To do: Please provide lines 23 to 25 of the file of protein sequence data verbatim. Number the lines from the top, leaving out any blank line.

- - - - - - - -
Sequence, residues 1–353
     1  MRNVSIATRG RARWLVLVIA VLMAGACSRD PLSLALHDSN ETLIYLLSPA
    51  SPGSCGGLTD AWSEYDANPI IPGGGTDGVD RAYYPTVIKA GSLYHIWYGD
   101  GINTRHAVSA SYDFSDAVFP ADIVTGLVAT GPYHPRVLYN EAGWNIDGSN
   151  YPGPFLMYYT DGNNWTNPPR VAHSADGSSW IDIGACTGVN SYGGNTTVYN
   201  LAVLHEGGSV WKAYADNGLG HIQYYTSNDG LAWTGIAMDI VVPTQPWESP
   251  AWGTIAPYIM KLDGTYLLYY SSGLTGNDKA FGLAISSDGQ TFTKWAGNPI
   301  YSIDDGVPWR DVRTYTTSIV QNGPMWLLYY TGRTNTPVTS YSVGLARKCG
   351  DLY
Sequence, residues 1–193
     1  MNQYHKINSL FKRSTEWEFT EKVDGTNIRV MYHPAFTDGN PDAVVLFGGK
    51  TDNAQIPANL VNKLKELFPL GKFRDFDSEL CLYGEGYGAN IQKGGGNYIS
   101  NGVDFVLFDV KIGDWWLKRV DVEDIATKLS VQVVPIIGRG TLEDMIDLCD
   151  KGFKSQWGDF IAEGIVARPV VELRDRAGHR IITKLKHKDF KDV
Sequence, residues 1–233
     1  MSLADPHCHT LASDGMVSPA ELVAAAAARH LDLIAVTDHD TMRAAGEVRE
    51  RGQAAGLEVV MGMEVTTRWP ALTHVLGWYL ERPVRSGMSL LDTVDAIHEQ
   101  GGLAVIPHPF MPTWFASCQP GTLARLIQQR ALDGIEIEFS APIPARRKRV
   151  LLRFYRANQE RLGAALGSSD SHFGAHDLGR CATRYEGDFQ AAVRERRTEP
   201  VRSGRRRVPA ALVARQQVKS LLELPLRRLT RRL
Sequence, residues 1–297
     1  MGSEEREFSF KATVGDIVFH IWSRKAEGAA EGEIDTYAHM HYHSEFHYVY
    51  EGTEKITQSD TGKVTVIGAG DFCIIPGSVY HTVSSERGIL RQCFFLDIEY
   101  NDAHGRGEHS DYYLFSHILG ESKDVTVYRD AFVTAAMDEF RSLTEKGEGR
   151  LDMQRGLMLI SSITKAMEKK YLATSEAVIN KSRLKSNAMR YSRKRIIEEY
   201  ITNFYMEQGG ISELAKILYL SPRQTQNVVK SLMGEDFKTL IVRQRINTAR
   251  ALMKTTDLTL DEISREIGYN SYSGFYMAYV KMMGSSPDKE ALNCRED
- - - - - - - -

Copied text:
    51  EGTEKITQSD TGKVTVIGAG DFCIIPGSVY HTVSSERGIL RQCFFLDIEY
   101  NDAHGRGEHS DYYLFSHILG ESKDVTVYRD AFVTAAMDEF RSLTEKGEGR
   151  LDMQRGLMLI SSITKAMEKK YLATSEAVIN KSRLKSNAMR YSRKRIIEEY